But, like some viscous and sticky clay, the nonsense he has concocted in contravention of our teaching of conception seems to hold us back, and prevent us from applying ourselves to more important matters. For how can one pass over his solemn and profound philosophy, as when he says that God's greatness is seen not only in the works of His hands, but that His wisdom is displayed in their names also, adapted as they are with such peculiar fitness to the nature of each work of His creation(3)? Having perchance fallen in with Plato's Cratylus, or heating from some one who had met with it, by reason, I suppose, of his own poverty of ideas, he attached that nonsense patchwise to his own, acting like those who get their bread by begging. For just as they, receiving some trifle from each who bestows it on them, collect their bread from many and various sources, so the discourse of Eunomius, by reason of his scanty store of the true bread, assiduously collects scraps of phrases and notions from all quarters. And thus, being struck by the beauty of the Platonic style, he thinks it not unseemly to make Plato's theory a doctrine of the Church. For by how many appellations, say, is the created firmament called according to the varieties of language? For we call it Heaven, the Hebrew calls it Samaim, the Roman coelum, other names are given to it by the Syrian, the Mede, the Cappadocian, the African, the Scythian, the Thracian the Egyptian: nor would it be easy to enumerate the multiplicity of names which are applied to Heaven and other objects by the different nations that employ them. Which of these, then, tell me, is the appropriate word wherein the great wisdom of God is manifested? If you prefer the Greek to the rest, the Egyptian haply will confront you with his own. And if you give the first place to the Hebrew, there is the Syrian to claim precedence for his own word, nor will the Roman yield the supremacy, nor the Mede allow himself to be outdone; while of the other nations each will claim the prize. What, then, will be the fate of his dogma when torn to pieces by the claimants for so many different languages? But by these, says he, as by laws publicly promulgated, it is shown that God made names exactly suited to the nature of the things which they represent. What a grand doctrine! What grand views our theologian allows to the Divine teachings, such indeed as men do not grudge even to bathing-attendants! For we allow them to give names to the operations they engage in, and yet no one invests them with Divine honours for the invention of such names as foot-baths, depilatories, towels, and the like--words which appropriately designate the articles in question.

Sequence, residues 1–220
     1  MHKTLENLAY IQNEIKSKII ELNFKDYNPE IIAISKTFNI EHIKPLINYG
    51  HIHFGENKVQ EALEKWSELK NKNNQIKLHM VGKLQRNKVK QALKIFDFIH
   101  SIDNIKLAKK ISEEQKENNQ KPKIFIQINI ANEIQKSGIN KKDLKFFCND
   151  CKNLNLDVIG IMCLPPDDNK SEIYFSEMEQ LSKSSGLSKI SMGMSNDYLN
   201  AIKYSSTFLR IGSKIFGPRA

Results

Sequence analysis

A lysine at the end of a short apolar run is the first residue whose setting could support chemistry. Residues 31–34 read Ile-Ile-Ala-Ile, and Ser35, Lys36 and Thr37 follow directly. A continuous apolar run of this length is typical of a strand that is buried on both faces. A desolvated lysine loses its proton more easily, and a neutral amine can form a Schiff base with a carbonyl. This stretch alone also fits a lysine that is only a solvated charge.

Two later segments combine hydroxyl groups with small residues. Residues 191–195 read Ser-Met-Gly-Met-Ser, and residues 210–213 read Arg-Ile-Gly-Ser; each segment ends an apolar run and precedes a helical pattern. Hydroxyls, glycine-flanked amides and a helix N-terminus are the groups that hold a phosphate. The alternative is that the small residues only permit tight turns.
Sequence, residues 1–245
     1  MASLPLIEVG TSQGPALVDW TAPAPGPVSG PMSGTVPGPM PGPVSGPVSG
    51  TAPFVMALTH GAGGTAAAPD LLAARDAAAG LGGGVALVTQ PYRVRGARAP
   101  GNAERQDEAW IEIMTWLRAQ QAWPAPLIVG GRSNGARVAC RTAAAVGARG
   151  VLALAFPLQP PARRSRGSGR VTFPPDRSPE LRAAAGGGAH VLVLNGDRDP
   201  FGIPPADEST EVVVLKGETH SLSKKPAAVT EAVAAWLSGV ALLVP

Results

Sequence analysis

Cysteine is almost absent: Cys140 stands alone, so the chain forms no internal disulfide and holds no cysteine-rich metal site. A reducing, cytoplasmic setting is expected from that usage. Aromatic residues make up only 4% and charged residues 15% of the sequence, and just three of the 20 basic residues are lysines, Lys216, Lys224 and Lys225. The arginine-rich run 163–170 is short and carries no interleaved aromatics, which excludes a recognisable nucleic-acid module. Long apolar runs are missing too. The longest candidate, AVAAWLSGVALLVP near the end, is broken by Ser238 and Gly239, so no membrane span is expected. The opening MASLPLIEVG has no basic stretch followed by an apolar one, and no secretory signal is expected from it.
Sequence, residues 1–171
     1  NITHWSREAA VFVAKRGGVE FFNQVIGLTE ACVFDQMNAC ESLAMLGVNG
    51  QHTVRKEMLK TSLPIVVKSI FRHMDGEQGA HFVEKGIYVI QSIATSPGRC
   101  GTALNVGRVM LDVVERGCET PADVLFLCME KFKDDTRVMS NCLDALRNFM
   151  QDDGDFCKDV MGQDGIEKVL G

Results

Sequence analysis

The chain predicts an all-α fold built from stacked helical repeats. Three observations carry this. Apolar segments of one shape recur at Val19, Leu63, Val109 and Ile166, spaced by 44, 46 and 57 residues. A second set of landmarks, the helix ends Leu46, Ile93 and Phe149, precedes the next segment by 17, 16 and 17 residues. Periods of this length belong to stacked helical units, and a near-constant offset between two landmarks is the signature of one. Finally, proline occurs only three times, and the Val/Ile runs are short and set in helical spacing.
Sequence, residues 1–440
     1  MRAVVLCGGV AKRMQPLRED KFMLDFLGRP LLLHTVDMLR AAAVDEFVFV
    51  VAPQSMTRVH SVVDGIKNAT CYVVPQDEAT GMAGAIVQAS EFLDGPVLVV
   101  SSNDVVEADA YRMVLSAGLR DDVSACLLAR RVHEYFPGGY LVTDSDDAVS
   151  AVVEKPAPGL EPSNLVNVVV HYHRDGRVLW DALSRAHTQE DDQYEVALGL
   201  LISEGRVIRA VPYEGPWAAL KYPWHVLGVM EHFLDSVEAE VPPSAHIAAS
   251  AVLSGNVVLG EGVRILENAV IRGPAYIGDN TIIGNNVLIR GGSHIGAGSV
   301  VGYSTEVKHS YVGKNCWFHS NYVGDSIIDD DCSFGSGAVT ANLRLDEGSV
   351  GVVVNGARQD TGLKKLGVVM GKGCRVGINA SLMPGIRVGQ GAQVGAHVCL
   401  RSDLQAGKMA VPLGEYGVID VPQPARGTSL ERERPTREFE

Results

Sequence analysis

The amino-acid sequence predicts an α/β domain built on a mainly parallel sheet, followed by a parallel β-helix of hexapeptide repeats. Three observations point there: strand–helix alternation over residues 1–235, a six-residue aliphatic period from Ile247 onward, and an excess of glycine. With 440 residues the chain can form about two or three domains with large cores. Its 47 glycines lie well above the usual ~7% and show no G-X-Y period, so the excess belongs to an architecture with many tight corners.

But I will pass over both this and their reading of Epicurus' nature-system, which he says is equivalent to our conception, maintaining that the doctrine of atoms and empty space, and the fortuitous generation of things, is akin to what we mean by conception. What an understanding of Epicurus! If we ascribe words expressive of things to the logical faculty in our nature, we thereby stand convicted of holding the Epicurean doctrine of indivisible bodies, and combinations of atoms, and the collision and rebound of particles, and so on. I say nothing of Aristotle, whom he takes as his own patron, and the ally of his system, whose opinion, he says, in his subsequent remarks, coincides with our views about conception. For he says that that philosopher taught that Providence does not extend through all nature, nor penetrate into the region of terrestrial things, and this, Eunomius contends, corresponds to our discoveries in the field of conception. Such is his idea of determining a doctrine with accuracy! But he goes on to say that we must either deny the creation of things to God, or, if we concede it, we must not deprive Him of the imposition of names. And yet even in respect to the brute creation, as we have said already, we are taught the very opposite (of both these alternatives) by Holy Scripture--that neither did Adam make the animals, nor did God name them, but the creation was the work of God, and the naming of the things created was the work of man, as Moses has recorded. Then in his own speech he gives us an encomium of speech in general (as though some one wished to disparage it), and after his eminently abusive and bombastic conglomeration of words, he says that, by a law and rule of His providence, God has combined the transmission of words with our knowledge and use of things necessary for our service; and after pouring forth twaddle of this kind in the profundity of his slumbers, he passes on in his discourse to his irresistible and unanswerable argument. I will not state it in so many words, but simply give the drift of it. We are not, he says, to ascribe the invention of words to poets, who are much mistaken in their notions of God. What a generous concession does he make to God in investing Him with the inventions of the poetic faculty, so that God may thereby seem to men more sublime and august, when the disciples of Eunomius believe that such expressions as those used by Homer for "side-ways," "rang out," "aside," "mix(4)," "clung to his hand," "hissed," "thumped," "rattled," "clashed," "rang terribly," "twanged," "shouted," "pondered," and many others, are not used by poets by a certain arbitrary licence, but that they introduce them into their poems by some mysterious initiation from God! Let this, too, be passed over, and withal that clever and irresistible attempt, that it is not in our power to quote Scriptural instances of holy men who have invented new terms. Now if human nature had been imperfect up to the time of such men's appearance, and not as yet completed by the gift of reason, it would have been well for them to seek that the deficiency might be supplied. But if from the very first man's nature existed self-sufficing and complete for all purposes of reason and thought, why should any one, in order to establish this doctrine of conception, humour them so far as to seek for instances where holy men initiated sounds or names? Or, if we cannot adduce any instances, why should any one regard it as a sufficient proof that such and such syllables and words were appointed by God Himself?